Supporters and opponents of a sentencing and habitual offender bill on Gov. Deval Patrick’s desk offered up a cacophony of suggestions to the chief executive, calling on him to sign or amend or veto the legislation.
While weighing what to do with the legislation, Patrick said on Tuesday that he believes it’s a “good” bill. “It’s not a great bill,” he added in a conversation with reporters, saying he hopes he can get a commitment from House and Senate leaders to tackle other sentencing issues when they return next year.
Beacon Hill lawmakers are sending bills to the governor’s desk at a frantic pace as the end of formal session approaches. With overwhelming majorities, they approved the sentencing bill last week, providing Patrick with 10 days – until Sunday – for his review.
The legislation, known as the “three strikes” bill, eliminates parole for certain habitual violent felons, eases some sentences for drug offenders, and reduces school zones carrying enhanced sentences for drug offenses to 300 feet from 1,000 feet. Supporters say it cracks down on crime, while opponents say it will lead to increased overcrowding in prisons and disproportionately affect communities of color.
The votes in the House and Senate showcased a rare split in the Dorchester/Mattapan delegation. In the House, where the vote was 139 to 14, Reps. Linda Dorcena Forry, Carlos Henriquez, and Russell Holmes voted against the bill while Martin Walsh and Nick Collins voted their approval.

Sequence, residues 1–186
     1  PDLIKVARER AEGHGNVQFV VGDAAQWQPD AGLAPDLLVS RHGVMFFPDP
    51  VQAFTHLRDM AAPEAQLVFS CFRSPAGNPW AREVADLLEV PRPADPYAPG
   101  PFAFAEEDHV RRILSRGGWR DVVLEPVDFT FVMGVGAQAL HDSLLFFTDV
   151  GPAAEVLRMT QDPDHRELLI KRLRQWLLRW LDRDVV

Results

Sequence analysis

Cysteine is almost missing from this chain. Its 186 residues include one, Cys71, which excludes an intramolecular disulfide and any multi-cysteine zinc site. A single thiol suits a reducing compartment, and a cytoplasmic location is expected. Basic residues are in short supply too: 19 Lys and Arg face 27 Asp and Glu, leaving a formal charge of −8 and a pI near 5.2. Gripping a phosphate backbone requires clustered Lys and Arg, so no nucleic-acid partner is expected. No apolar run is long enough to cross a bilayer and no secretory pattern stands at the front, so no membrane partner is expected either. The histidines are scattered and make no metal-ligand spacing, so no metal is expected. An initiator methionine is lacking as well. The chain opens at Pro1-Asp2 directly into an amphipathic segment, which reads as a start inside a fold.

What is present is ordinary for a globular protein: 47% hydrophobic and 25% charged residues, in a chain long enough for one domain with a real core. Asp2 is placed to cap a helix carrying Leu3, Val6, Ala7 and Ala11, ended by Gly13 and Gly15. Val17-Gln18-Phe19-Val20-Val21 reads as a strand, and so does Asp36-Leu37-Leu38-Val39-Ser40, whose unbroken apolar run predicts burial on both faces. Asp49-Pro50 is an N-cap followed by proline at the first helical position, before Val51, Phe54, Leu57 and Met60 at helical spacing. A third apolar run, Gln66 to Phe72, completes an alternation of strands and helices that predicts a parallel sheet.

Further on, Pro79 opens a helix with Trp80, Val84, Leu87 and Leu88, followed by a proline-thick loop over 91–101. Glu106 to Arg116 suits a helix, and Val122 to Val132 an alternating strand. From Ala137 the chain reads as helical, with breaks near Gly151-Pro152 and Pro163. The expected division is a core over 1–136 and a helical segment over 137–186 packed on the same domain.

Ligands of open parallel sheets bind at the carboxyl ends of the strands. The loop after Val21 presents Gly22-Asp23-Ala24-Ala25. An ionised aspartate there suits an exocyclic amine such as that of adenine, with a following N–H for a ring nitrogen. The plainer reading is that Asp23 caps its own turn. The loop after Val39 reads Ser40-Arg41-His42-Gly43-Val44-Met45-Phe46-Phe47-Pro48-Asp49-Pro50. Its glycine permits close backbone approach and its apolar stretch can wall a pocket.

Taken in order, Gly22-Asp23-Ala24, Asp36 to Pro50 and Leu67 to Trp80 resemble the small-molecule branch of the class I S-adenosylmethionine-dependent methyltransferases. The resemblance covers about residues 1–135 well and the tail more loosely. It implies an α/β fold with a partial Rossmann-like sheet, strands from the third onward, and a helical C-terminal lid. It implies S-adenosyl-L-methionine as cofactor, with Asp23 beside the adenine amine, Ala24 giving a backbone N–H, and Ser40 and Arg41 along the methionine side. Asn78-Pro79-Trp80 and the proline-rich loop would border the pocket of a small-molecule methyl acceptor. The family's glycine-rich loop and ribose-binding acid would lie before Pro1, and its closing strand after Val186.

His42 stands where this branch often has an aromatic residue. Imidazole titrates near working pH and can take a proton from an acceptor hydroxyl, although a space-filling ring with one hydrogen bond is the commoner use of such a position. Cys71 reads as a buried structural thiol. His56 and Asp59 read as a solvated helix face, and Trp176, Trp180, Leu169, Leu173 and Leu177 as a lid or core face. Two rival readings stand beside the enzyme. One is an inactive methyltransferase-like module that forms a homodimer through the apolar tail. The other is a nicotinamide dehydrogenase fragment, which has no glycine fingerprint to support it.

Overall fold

Over in the Senate, Sonia Chang-Diaz cast a vote against the legislation and Jack Hart supported it. As in the House, the Senate’s vote, 31-7, is veto-proof.
When asked what he believed Patrick should do with the bill, Mayor Thomas Menino, who had just finished reading to children at the Codman Square branch of the Boston Public Library, said, “Sign it. We have to make sure our streets are safe.”
But the Black and Latino Legislative Caucus sent a letter to colleagues in the House and Senate slamming the bill and calling it unbalanced. “It imposes new burdens on our courts and prisons while doing too little to promote actual rehabilitation for non-violent offenders and prevent recidivism,” they wrote. “It also removes the judicial discretion that is fundamental to the purpose of our judicial system and the principle of separation of powers.”
Rep. Henriquez said in an interview on TOUCH 106.1 FM that the legislation was “much better” than the versions the House and Senate had passed last fall. But he told the radio station that caucus members did not believe the bill was comprehensive enough, such as allowing for judicial discretion.
The future effects of the bill are unclear, he added. “We’re not going to know until it’s in practice.”
Members of Boston’s black clergy, holding a rally outside the State House, called on Patrick to amend the bill and send it back to the Legislature, a move they said would allow Patrick to show where he stands on the bill.
State Sen. Bruce Tarr, a Gloucester Republican, defended the bill while on the floor of the Senate. “This is not a bill that is a trap for the unwary,” he said. “This is not a bill that arbitrarily metes out sentences. This is a bill that says that if you repeatedly victimize citizens in the commonwealth, we are going to respond forthrightly and decisively to eliminate your parole eligibility.”
Material from State House News Service was used in this report.